Shortly thereafter, in January 2015, the MyCC issued a decision finding 24 manufacturers of ice to have infringed the Act by fixing the prices of tube ice and block ice in Kuala Lumpur, Selangor and Putrajaya. The ice manufacturers were collectively fined RM251,950, with individual fines ranging from RM1,080 to RM106,000. Two weeks later, the MyCC issued a decision against 15 members of the Sibu Confectionary and Bakery Association for price-fixing, fining them a total of RM247,730 with individual fines ranging from RM480 to RM102,600.


Other cases investigated during this time included the Pan-Malaysia Lorry Owners Association, and the Malaysia Heavy Construction Equipment Owners’ Association. In both cases the MyCC was satisfied with undertakings and did not impose a financial penalty.


In June 2016, the MyCC issued its first decision relating to a Section 10 offence (abuse of dominance). The investigation involved My E.G. Services Berhad (“MyEG”), which was allegedly abusing its dominant position by imposing different conditions on equivalent transactions in the processing of mandatory insurance for online foreign worker permit renewal applications. The MyCC found MyEG guilty of abusing its dominant position and imposed a financial penalty of RM2.27 million.


Around the same time, another decision was issued against four container depot operator companies and an information technology service provider, Containerchain (Malaysia) Sdn Bhd, for operating a cartel in the shipping and logistics industry in Penang – a total fine of RM645,774 was imposed on all enterprises.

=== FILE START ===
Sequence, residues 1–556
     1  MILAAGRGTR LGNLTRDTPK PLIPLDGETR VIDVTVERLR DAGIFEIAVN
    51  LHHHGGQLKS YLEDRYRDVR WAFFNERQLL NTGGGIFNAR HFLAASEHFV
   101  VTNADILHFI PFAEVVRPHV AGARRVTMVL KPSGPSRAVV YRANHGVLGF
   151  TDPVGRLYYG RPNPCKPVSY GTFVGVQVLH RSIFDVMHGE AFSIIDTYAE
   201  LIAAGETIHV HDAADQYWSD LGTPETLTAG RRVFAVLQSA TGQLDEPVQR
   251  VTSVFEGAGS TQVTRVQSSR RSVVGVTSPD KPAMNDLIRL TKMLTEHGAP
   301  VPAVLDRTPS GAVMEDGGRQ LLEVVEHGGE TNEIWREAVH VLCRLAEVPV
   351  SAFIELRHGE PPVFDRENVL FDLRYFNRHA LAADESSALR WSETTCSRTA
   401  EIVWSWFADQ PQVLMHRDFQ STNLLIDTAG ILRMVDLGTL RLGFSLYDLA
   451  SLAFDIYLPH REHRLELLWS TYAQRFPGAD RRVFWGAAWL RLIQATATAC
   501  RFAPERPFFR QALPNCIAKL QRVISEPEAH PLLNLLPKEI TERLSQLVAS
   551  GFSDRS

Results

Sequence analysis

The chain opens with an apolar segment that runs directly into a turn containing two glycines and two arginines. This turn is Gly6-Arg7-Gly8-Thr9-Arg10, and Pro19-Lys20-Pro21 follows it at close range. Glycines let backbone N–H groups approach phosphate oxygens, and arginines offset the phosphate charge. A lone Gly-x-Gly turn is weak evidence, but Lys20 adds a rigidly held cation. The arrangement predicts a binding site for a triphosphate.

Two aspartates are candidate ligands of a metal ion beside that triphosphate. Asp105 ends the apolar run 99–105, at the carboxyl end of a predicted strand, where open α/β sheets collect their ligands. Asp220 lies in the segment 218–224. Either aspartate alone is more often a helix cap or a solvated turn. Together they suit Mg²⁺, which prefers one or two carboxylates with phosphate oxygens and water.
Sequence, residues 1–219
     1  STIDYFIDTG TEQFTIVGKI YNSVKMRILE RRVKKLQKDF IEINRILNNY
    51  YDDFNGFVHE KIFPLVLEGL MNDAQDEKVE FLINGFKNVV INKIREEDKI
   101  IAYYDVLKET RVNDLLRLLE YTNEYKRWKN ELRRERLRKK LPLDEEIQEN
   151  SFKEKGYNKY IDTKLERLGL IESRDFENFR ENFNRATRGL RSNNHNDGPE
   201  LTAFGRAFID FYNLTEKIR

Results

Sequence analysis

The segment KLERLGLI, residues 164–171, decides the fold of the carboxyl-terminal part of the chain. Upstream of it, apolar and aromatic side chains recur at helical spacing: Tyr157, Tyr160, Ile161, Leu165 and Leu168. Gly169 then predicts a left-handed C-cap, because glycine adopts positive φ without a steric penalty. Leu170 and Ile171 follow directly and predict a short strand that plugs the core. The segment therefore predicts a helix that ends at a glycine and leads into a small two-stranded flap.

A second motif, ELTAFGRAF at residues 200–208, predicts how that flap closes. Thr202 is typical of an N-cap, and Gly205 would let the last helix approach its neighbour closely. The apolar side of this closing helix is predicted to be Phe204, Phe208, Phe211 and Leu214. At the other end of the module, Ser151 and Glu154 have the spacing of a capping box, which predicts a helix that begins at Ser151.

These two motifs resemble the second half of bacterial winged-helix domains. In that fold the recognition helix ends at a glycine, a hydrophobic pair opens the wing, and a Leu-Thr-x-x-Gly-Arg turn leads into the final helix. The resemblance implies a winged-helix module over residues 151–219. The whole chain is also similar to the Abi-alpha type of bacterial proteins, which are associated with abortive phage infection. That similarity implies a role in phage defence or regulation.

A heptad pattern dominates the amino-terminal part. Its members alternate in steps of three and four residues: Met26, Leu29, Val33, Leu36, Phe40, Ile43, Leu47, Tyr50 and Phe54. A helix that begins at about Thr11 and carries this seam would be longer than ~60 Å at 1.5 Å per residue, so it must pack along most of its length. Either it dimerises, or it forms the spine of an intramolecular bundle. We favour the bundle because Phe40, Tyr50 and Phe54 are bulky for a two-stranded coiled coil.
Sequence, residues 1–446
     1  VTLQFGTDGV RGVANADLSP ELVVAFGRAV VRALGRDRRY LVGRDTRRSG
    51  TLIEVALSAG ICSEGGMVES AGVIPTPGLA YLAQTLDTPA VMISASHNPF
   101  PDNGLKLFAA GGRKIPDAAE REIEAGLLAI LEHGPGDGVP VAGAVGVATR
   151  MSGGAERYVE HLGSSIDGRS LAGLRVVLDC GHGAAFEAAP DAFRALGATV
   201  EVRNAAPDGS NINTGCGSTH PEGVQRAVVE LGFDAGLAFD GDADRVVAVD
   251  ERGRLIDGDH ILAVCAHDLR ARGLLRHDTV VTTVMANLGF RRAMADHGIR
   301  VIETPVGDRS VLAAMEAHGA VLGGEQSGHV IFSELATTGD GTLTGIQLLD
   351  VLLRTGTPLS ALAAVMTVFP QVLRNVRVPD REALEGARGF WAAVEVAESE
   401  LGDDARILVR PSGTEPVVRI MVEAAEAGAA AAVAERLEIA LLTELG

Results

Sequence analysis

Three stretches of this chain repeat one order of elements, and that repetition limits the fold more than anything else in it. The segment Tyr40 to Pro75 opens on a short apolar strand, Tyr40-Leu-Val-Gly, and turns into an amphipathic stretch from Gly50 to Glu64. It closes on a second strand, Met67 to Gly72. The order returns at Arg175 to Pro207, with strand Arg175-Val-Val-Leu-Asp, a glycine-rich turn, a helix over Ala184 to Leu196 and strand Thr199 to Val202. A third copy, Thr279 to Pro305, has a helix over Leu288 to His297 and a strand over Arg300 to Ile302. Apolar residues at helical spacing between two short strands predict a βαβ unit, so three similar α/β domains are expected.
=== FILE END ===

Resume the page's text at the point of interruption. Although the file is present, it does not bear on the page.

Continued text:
MyCC continues to conduct investigations consistently to this day. At the time of writing, there are six (6) findings of an infringement and two (2) proposed decisions issued by the MyCC which have yet to be finalised – one against the Persatuan Insurans Am Malaysia (“PIAM”) and its members in late 2017, and another against seven tuition and day care centres operating in the SS19 area in Subang Jaya in February this year.


Of all the cases which the MyCC has investigated to date, three have been challenged: the Competition Appeal Tribunal (“CAT”) overturned the MyCC’s decision in the MAS/AirAsia case in February 2016, and the case is currently pending judicial review. Both Prompt Dynamics Sdn Bhd (one of the container depot operators) and MyEG appealed their respective cases to the CAT, but were unsuccessful. MyEG has announced that it intended to apply for judicial review as well, but as at the time of writing there have been no developments on that front.